Have been trying to get a handle on just how crazy agricultural land prices got in the heady Tiger days and this is one of the better reports coming from the Farmers Journal in January 2007. Thought I would share it.
IMO, ERO 4,000/acre is reasonable for average land, i.e. land suitable for grazing and hay/silage. That would be based on 20 year revenue generation potential at EURO 200 per acre without subsidies, etc. I am interested to hear if anyone else has studied this or can comment on agricultural land values projections.
whatever about house prices agri prices make no sense whatsoever. The mother was telling me a farm of 50 acres with some farm buildings and a house made over €1m. Granted i have no breakdown of the value of the house but it wasnt a mansion by any means but 20k an acre for good farmaland in west limerick seems to be the going rate
GB, many thanks, I think that sums it up nicely. Their figure for return from 1 acre is EURO 150 for farming activities, it will be interesting to see how prices adjust to the new reality. With reduced global demand and a strong EURO vs. Sterling, downward pressure is here and now for agricultural produce and I fear the worst for that industry. There are so many spanking new tractors out there bought with borrowed money it is not funny.
Almost identical farm sale reported in my local paper here in Westmeath this week, house was an old cottage only good for knocking (site value) + 50 acres in a few divisions which made just over the €mill, not great land by any means either and 5 miles out of town so no “hope value”.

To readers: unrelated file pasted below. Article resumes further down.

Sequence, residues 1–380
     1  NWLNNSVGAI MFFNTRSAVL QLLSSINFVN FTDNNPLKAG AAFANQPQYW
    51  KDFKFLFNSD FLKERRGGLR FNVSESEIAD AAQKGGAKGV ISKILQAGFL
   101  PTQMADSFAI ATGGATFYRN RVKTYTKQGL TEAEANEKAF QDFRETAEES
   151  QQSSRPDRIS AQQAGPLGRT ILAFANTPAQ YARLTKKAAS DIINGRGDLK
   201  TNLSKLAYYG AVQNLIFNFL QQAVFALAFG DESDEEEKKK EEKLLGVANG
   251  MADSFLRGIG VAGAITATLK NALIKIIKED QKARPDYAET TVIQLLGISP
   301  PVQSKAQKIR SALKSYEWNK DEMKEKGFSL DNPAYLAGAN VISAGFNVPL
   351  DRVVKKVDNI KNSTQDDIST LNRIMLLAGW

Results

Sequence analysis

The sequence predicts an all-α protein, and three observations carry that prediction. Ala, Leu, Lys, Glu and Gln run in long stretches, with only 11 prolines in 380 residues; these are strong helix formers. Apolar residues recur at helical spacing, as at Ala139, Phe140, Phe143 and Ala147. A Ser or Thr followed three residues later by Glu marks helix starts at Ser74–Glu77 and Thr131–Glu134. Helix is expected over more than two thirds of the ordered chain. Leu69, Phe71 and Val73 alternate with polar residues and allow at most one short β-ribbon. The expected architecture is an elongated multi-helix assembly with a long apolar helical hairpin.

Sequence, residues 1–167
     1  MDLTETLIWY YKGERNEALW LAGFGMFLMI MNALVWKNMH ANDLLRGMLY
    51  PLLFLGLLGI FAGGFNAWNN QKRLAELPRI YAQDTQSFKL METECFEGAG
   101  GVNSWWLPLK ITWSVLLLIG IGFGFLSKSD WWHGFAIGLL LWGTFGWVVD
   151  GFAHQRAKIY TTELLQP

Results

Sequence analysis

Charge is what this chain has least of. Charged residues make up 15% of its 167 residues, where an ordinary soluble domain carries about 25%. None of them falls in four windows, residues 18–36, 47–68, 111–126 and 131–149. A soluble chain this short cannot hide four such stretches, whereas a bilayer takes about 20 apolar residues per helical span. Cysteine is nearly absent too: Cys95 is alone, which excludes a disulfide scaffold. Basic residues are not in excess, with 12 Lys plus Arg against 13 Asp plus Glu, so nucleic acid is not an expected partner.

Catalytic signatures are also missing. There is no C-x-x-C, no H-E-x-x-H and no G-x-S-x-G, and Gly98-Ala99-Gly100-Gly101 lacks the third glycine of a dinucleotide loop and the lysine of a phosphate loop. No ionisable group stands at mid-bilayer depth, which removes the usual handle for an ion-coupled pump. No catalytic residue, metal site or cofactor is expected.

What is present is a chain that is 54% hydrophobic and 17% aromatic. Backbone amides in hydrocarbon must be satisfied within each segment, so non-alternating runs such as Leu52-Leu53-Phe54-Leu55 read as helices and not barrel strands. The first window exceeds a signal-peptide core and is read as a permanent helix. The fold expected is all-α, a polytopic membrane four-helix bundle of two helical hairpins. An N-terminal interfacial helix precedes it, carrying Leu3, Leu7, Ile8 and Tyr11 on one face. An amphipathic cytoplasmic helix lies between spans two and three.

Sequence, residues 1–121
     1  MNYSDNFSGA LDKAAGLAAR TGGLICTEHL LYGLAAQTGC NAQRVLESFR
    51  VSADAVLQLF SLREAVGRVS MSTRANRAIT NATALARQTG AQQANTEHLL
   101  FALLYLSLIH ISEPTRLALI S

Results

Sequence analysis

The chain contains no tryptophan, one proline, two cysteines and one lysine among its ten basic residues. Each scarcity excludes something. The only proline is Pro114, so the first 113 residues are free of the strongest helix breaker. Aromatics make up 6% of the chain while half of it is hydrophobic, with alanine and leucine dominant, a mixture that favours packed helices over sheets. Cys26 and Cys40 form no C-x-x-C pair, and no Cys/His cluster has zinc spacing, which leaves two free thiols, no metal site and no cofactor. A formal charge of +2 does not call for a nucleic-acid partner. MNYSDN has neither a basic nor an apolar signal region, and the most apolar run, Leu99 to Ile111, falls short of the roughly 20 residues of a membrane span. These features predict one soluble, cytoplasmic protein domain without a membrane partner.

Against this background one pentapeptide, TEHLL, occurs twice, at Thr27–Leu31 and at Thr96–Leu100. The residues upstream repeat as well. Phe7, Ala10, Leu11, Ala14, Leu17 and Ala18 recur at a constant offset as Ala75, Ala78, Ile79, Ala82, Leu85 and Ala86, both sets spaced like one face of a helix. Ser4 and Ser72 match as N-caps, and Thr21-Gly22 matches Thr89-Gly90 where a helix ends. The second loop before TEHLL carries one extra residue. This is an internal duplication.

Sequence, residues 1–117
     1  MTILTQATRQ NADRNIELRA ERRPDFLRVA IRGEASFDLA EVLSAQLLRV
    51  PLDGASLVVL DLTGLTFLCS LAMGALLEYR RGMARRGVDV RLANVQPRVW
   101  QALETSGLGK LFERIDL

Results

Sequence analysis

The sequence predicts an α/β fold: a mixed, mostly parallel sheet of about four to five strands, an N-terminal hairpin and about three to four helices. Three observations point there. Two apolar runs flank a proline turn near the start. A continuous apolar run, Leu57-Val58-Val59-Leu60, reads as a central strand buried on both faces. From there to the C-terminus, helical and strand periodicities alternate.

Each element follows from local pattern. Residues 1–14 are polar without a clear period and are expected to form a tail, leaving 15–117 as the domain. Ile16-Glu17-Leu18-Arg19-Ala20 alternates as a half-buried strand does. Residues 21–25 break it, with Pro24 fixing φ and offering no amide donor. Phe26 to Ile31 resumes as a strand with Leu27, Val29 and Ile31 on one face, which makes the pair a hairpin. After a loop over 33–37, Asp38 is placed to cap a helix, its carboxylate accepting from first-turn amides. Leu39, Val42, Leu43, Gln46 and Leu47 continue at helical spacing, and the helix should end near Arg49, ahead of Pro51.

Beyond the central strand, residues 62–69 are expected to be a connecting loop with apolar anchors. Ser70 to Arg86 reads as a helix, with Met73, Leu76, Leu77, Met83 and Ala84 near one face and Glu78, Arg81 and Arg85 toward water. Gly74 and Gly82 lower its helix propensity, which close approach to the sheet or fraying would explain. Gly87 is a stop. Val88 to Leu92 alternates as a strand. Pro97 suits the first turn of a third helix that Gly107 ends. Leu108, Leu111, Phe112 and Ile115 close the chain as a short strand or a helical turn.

I believe that 2000 euro /acre would be right - putting us in a comparable position to the UK and Europe. Don’t forget that even if an acre returns 150-200 euro, you do need to put in quite a bit of work to get that.
Assuming of course that you are not including for the “lottery ticket” premium that Irish farmland has.
Per the attached report from Teagasc, in 2006 the “profit” per hectare for drystock farming was in the region of E600 per hectare or approx. E400 per acre, this is in all cases almost 100% from premium income and income from the faring activity is virtually zero.
As I understand it, premia have been reduced by 10% since 2006 and fixed costs had increased significnatly at least up to this year, most of all I believe that produce prices are declining versus increases annually from 2003 up to 2007.
I am aware of a farm of land in excess of 100 acres in Co. Kildare on sale for a year or so, asking €30k p.a. offered €20k but
purchaser (professional saleried) who had more than 50% on deposit failed to Bank the deal. Offer on table now is below €10k p.a.
It obviously varies by state and length of growing season but a rough guide is
Arable: $3,000 - $4,000 per acre
Grassland: $2,000 - $3,000 per acre
Woodland: $500 -$1,500 per acre depending on how valuable the timber is.